Stakeholder Roles

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Although the educational system may not be perfect, educational organizations need to take pride in their successes, and market themselves to parents, communitites, and even legislators (Robbins, Alvy p. 179). Investing in relationships between educational organizations and their stakeholders can enhance educational opportunities for students, connecting classroom learning to real world applications. As shared on the Trumbull Career and Technical Center website, they take this very seriously and have partnered with High Schools That Work (HSTW): “the first large-scale national effort to engage states, districts and schools in partnerships with students, parents and the community to improve the way all high school students are prepared for work and further education (2011).”

A. Stakeholder groups

Several easily identifiable stakeholder groups play an active role in the success of TCTC: parents, taxpayers, home schools, businesses and even the adult training side of the Trumbull Career and Technical Center. As a unique educational institution – a secondary school of choice offering over thirty career-technical programs to students from 19 local school districts –two stakeholder groups play a rather unique role. The home schools sending students each year comprise one of these groups, and the many businesses involved in the education of students from TCTC – some offering job training, others being part of the advisory boards for various programs – are another valued group of shareholders.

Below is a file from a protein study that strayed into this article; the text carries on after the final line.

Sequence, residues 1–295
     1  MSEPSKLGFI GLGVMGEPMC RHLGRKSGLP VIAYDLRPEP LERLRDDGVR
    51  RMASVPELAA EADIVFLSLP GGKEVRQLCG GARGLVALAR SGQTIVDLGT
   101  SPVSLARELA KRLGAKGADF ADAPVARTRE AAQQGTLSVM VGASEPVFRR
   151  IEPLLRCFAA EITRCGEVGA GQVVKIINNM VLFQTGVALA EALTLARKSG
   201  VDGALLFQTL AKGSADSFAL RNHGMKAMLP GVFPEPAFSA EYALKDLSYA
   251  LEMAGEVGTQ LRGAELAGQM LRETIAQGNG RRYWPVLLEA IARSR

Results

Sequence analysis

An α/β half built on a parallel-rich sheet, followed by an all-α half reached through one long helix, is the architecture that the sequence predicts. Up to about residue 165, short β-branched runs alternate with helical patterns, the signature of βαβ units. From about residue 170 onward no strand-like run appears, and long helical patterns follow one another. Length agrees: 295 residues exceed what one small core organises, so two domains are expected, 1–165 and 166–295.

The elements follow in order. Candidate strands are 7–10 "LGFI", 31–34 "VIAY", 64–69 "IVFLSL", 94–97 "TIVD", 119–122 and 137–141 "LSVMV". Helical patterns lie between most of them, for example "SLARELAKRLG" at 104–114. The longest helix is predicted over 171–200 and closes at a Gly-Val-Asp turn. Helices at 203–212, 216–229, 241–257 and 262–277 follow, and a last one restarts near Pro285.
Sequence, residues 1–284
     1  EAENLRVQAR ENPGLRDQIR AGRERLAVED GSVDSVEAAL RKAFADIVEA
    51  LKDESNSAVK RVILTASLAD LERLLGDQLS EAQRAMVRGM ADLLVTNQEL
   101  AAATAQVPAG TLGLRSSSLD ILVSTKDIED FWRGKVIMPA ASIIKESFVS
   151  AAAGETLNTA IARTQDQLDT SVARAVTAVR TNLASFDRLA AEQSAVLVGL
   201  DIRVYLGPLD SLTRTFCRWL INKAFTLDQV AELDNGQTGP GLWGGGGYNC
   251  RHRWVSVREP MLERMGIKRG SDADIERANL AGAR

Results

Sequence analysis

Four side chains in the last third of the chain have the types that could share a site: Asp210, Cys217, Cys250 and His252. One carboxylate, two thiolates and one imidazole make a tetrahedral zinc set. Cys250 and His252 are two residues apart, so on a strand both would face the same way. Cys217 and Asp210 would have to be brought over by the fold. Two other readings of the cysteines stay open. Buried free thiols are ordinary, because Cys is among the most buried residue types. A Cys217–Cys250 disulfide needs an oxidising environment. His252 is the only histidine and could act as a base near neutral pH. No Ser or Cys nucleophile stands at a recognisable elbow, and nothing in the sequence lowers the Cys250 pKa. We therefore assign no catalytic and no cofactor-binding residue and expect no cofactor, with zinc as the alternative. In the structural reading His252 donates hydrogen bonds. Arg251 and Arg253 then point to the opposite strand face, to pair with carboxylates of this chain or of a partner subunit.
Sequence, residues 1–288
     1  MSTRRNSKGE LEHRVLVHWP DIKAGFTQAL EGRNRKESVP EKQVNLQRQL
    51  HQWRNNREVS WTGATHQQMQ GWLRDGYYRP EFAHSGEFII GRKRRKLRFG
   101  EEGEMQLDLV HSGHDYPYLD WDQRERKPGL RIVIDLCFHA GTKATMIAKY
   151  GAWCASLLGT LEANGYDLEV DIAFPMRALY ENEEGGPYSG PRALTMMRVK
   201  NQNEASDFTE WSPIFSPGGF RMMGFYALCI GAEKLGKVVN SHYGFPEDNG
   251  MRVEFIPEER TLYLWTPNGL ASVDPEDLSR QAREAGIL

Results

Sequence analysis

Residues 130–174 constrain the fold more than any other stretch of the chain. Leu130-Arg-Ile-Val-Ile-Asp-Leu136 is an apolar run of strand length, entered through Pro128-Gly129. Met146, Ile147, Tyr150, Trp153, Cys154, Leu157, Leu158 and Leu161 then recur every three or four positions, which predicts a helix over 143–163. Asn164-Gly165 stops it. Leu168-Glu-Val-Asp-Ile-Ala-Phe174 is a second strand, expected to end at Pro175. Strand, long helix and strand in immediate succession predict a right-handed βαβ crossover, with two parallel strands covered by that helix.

B. Two student segment groups

There are many student segment groups at TCTC, especially if you consider each program to be a segment group, due to the specific training required, certifications offered, and degree requirements. Other...

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...y would rubric style criterion improve the development of community partnerships, it would also provide businesses the opportunity to present TCTC with key requirements right up front. These requirements should then be built into the rubric to help TCTC determine what they need to have in place to meet those needs, and allow them to develop a plan whereby those requirements can be met consistently, efficiently, and in a cost-effective manner.

References

Robbins, P., & Alvy, H. B. (2009). Working With Parents and Partnering With the Greater Community. The principal's companion: strategies for making the job easier (3rd ed., pp. 179, 185). Thousand Oaks, Ca: Corwin.

Trumbull Career And Technical Center - High Schools That Work. (n.d.). Trumbull Career and Technical Center. Retrieved September 23, 2011, from http://www.tctchome.com/highschoolsthatwork.htm
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